Like the dangerous pageant queen that it follows, "Miss Bala" depicts Mexico as a creature whose violent and dangerous tendencies are hidden by a slick veneer of apparent beauty. Treating an exploitation movie-style plot to the gravitas and visual polish of an art house film, director Gerardo Naranjo follows his tiara-wearing heroine through gunfights and drug raids, offering us to a peek at the excitement, horror, and desolation of Mexico's drug war through her conflicted eyes.
The film opens on Laura Guerrero, who we follow (in extremely long takes composed from behind her back, in the style of the Dardenne brothers or Darren Aronofsky's last couple of films) as she and her friend Suza try to earn spots in the Miss Baja beauty contest. They do have help, of course - at a party with a few police officers, Suza says "they have connections" that can get them in the pageant.
That party provides Naranjo with an opportunity to leverage a breathtaking set piece that serves as the film's high point. While in the bathroom, a group of drug runners sneak into the building, prepared to execute everyone inside. The camera hangs on Laura, first hiding in the bathroom, then as she navigates her way through bullets to escape the building, in excruciatingly long shots that add to the overtones of chaos and despair. The scene is so good it holds the rest of the film back: it's as if Naranjo peaked and cemented his central metaphor within the first fifteen minutes, then spent the rest of the film reiterating it.
But still, the gunfight is a marvel of intricate blocking. He executes it without ever resorting to handheld camerawork, or ever sacrificing the carefully prepared geography of the scene. Unfortunately, the long shot aesthetic is never again used with as much inspiration as it is in here.
Instead, it seems to be a crutch holding up the shoddy acting of his lead, Stephanie Sigman. She seems to have very little experience; and Naranjo spends his time on long takes of her back, hands, and pretty much everything other than her face. During the aforementioned sequence it’s invigorating, but in the quieter character moments it feels like a cheat. It’s like he’s denying us a chance to even emotionally connect with Laura.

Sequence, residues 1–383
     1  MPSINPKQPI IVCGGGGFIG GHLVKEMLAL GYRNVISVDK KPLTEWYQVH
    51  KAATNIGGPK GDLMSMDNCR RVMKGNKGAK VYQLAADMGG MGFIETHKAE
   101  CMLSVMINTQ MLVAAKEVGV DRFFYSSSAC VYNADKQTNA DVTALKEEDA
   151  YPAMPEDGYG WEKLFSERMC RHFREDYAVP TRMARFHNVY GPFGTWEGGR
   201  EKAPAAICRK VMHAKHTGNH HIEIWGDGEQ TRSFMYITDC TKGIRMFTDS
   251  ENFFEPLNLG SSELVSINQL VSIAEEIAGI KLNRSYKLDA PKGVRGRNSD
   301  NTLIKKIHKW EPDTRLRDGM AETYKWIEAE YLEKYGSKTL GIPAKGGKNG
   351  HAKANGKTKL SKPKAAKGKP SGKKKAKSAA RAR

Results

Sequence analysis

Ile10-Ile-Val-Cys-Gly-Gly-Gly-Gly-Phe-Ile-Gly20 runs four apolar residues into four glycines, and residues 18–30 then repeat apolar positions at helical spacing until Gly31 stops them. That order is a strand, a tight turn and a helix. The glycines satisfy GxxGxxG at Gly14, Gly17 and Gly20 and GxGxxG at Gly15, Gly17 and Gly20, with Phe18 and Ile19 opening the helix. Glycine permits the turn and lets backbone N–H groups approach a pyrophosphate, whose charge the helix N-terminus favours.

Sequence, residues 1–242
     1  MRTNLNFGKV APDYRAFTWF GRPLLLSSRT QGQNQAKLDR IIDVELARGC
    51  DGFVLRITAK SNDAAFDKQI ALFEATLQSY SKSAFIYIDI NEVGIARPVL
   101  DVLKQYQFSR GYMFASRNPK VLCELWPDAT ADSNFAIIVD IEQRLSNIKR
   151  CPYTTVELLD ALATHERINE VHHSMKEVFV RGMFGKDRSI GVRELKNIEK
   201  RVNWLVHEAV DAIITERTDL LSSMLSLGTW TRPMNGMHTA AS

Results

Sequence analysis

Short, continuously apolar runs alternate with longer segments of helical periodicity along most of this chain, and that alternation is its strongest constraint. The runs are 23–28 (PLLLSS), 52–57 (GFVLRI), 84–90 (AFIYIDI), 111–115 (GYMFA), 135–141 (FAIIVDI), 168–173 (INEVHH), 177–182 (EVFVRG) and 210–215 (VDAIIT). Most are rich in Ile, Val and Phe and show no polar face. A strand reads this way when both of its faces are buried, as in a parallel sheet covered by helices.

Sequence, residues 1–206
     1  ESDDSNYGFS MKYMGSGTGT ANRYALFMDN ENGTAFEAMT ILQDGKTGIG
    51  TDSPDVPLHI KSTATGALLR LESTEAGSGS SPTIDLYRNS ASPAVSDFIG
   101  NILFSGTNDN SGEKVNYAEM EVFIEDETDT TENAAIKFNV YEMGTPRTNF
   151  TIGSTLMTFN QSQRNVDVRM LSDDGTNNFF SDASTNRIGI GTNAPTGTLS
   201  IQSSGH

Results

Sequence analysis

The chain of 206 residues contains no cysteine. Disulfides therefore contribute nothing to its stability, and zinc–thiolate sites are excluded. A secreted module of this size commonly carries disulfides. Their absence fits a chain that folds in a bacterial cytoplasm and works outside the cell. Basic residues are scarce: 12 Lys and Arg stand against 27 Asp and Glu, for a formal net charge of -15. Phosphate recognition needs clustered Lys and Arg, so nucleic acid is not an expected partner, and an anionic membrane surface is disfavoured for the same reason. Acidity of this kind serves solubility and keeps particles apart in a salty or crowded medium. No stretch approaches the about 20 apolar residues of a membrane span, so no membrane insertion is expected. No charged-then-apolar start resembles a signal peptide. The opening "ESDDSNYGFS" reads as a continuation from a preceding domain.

Perhaps Naranjo’s aim was to use her as an audience surrogate, a blank slate through which international viewers could experience the horrors and hopelessness of being trapped within the Mexican drug wars. But instead, her character appears underdeveloped, and her one-note acting (giving the same agape look of despair in every scene, even employing the ’one tear rolls down the eye’ dramatic trick repetitively) becomes almost unbearable over the course of the 113-minute runtime. But it does, at least, explain his visual style: Sigman could have never pulled this role off (not even to the mediocre extent she does here) had it been shot in a conventional manner.
However, that’s not to generalize against the performances. On the contrary, Noe Hernandez (as Lino, the gangster who raids the nightclub in that first set piece and continually hooks up with Laura for ’favors’ both business and personal) is intensely sleazy here, scary and repulsive with his constant leery looks. He’s got major presence, and is somehow even more effective when simply staring than he is when reciting drug runner dialogue. I was shocked to find out that this is his first feature film; keep an eye on this guy.
But despite his presence, the main plot of the film just never truly takes off. Laura comes in and out of Lino’s control, constantly witnessing gunfights and robberies from the fringe of the setting. By the end of the film it becomes an inadvertent annoyance - all the action occurring off-screen is clearly thanks to lack of budget, and Naranjo never again reaches the powerful anarchy of the first raid. Everything following it is a disappointment, and with the long takes adding little, it’s hard not to leave the film dejected by the promise it originally showed.